143

Hair follicle

Innervated along length of shaft and wall of follicle

144

Vibrissae

Specialized hairs extremely sensitive to tactile sensation

145

Golgi tendon organ

A specialized structure within the tendons of skeletal muscle that senses muscle tension, provides stretch and movement information.

146

Muscle spindle

A specialized structure within skeletal muscles that senses muscle length; provides sensory information to neurons in the spinal cord via group Ia axons; also called stretch receptor.

147

Betz cell

Large pyramidal neurons located in the primary motor cortex that control voluntary movement. Send their axons down to the spinal cord via the corticospinal tract where in humans they synapse directly with anterior horn cells, which in turn synapse directly with their target muscles

148

Cerebellar foliae

Gyri of the cerebellum

149

Purkinje cell

Large GABAergic neuron with dense highly branched dendritic field which extend into molecular layer; in cerebellar hemisphere that projects an axon to the deep cerebellar nuclei (only output of cerebellar cortex). Primary influence on lateral motor system, particularly fine movements.

150

Granule cell

Populate granule cell layer (innermost layer of cerebellar cortex), receives input from mossy fibers and sends axons to outermost layer to form parallel fibers, which synapse on Purkinje dendrites (plasticity of these synapses is believed to be important for motor learning)

151

Parallel fibers

An axon of a cerebellar granule cell that innervates Purkinje cells; plasticity of these synapses is believed to be important for motor learning

152

Basket cell

Part of the molecular layer; makes inhibitory synapses on Purkinje cells from remote parallel fibers

153

Stellate cell

Part of the molecular layer; makes inhibitory synapses on Purkinje cells from remote parallel fibers

154

Golgi cell

Also part of granule cell layer; makes inhibitory synapses on granule cells

155

Climbing fiber

An axon of an inferior olive neuron (from medulla) that innervates a Purkinje cell dendrites of the cerebellum. ___ activity is an important trigger for LTD, a form of synaptic plasticity believed to be important for motor learning.

156

Mossy fiber

An axon of a pontine neuron (neocortex), vestibular nerve, reticular formation, or spinal cord that innervates (form excitatory synapses on) cerebellar granule cells.

157

Molecular layer

Cerebellum cortical layer that is the outer layer of folia

158

Purkinje layer

Cerebellum cortical layer that is the interface between the molecular and granular layers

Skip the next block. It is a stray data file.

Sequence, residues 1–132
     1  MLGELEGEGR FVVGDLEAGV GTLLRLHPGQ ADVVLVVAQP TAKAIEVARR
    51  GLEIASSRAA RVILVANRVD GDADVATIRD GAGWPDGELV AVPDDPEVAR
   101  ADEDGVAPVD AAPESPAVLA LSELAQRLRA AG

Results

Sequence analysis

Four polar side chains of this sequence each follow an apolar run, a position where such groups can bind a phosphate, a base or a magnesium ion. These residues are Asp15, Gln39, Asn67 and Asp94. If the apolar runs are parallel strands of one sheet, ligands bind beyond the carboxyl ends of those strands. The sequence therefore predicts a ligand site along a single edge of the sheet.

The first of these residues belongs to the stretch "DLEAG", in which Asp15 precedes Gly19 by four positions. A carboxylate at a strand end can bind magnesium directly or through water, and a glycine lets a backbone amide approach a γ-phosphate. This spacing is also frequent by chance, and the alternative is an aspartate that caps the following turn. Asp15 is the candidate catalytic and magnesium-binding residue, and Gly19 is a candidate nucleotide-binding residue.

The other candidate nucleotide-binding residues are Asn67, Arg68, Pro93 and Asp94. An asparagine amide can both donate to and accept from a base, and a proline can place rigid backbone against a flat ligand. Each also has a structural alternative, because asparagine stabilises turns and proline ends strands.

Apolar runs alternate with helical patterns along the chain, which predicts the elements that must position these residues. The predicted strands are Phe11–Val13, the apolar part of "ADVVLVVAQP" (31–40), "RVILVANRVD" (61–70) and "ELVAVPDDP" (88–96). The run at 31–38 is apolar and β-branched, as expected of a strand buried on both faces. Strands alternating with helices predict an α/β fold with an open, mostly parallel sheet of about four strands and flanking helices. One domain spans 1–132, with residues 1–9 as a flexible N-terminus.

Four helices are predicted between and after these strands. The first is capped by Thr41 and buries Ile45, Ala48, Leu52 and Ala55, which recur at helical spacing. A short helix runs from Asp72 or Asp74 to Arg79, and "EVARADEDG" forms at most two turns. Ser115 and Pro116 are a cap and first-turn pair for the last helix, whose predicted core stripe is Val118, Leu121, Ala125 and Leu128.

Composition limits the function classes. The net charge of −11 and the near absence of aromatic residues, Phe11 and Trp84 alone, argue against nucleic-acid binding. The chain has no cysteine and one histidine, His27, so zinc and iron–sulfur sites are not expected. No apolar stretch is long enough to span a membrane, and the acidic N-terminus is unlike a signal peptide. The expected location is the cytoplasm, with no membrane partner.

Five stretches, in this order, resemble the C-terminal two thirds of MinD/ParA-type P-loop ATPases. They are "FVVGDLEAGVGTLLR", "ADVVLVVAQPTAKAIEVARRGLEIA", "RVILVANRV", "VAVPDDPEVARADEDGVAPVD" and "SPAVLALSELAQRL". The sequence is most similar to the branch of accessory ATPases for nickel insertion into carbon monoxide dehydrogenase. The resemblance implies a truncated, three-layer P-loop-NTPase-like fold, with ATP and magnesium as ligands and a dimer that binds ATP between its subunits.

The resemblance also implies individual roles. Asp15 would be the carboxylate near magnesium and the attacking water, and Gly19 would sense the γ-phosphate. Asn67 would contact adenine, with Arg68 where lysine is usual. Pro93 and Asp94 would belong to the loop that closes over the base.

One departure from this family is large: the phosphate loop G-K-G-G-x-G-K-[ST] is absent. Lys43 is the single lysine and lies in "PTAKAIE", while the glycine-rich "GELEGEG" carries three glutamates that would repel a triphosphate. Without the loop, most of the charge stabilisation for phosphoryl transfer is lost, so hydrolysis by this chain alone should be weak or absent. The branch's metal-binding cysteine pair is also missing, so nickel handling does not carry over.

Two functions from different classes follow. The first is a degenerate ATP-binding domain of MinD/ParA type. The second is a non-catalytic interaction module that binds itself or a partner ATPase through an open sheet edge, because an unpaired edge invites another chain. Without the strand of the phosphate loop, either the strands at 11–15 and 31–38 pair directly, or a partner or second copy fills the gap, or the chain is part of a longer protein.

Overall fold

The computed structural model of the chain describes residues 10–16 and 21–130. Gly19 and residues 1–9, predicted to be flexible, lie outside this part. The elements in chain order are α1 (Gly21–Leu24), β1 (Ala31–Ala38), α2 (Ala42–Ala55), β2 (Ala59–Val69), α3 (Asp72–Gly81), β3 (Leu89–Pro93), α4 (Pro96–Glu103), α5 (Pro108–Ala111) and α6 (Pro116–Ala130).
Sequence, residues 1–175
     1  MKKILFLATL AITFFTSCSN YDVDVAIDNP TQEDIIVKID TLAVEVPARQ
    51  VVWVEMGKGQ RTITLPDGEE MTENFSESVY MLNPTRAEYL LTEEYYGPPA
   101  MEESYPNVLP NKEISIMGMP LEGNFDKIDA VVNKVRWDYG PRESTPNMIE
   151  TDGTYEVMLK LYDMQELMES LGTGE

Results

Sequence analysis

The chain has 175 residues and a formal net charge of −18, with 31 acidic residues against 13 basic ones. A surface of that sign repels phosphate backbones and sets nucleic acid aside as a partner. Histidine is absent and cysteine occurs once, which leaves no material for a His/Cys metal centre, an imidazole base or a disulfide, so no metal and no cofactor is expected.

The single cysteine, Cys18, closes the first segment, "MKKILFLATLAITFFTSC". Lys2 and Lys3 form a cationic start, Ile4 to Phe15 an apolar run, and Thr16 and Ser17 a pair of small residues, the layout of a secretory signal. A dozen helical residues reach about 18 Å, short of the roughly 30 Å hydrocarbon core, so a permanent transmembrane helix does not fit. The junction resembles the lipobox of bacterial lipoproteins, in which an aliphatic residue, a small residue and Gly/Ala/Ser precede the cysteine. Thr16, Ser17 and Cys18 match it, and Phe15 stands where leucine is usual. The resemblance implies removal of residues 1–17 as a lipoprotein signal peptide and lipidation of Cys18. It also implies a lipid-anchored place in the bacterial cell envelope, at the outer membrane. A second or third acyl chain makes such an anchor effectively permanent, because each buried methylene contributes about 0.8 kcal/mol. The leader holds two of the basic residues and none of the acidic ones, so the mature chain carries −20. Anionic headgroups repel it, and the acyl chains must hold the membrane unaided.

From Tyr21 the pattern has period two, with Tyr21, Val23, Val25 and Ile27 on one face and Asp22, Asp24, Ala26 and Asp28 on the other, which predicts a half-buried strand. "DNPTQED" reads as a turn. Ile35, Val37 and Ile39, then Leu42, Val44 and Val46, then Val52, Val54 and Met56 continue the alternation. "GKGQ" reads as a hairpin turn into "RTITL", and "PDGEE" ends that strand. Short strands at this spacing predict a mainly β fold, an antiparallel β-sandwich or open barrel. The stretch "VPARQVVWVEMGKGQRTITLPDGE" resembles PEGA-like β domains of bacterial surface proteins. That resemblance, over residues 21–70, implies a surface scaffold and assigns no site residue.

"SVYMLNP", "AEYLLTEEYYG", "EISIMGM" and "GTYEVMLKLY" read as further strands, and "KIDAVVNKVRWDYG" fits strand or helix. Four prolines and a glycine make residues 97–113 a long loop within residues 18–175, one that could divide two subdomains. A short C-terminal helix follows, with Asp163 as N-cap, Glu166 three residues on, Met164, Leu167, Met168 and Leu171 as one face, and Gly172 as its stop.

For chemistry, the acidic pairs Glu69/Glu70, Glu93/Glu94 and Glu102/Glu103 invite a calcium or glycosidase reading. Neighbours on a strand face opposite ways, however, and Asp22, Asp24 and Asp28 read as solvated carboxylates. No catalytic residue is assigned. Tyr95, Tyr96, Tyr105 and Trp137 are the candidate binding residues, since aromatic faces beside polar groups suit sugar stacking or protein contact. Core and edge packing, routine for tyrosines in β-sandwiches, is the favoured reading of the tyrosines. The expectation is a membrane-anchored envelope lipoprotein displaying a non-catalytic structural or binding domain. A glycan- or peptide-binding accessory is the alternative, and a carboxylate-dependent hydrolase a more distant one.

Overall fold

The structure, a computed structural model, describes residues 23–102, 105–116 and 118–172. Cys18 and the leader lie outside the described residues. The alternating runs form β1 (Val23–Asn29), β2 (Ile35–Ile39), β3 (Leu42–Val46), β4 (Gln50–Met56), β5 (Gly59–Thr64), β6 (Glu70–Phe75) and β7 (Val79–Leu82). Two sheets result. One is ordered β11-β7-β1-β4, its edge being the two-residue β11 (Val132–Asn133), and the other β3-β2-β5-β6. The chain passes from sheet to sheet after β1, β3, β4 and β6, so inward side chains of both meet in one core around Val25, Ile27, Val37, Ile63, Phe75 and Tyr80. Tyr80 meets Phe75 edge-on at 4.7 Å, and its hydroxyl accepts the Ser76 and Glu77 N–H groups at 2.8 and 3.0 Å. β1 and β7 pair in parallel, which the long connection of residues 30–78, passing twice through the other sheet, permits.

159

Granular layer

Cerebellum cortical layer that is the interior neuronal layer

160

Limbic system

Comprised of deep brain structures (which include the hippocampus, amygdala, & hypothalamus) communicate widely with cortex and basal ganglia; probably involved in emotion, learning, and memory.

161

Amygdala

An almond-shaped nucleus in the anterior temporal lobe thought to be involved in emotion and certain types of learning and memory; Uses prefrontal and anterior temporal cortex to communicate to neocortex. Role in behavior initiation arousal of other parts of the brain

162

Hippocampus

A region of the cerebral cortex lying adjacent and medial to the olfactory cortex. In humans, the hippocampus is in the temporal lobe and may play a role in emotion, learning and memory. Uses cingulate and parahippocampal gyri to communicate with neocortex

163

Cingulate and parahippocampal gyri

Pathway from the thalamus to the hippocampus,
Responsible for focusing attention on emotionally significant events, and for associating memories to smells and to pain

164

Hypothalamus

Maintains homeostasis, temperature regulation

165

Pathways of the basal ganglia

Direct pathway:
Result: Cortex (e.g., premotor) stimulates muscle fibers via the corticospinal tract.

Indirect pathway
Decreased stimulation of the motor cortex by the thalamus and reduced muscle activity.

166

Both Basal Ganglia AND Limbic System are...

Complex set of highly interconnected structures communicating with many braihn regions to elcit and control complex behaviors.
Both deep medial brainb structures underlying the cortical lobes.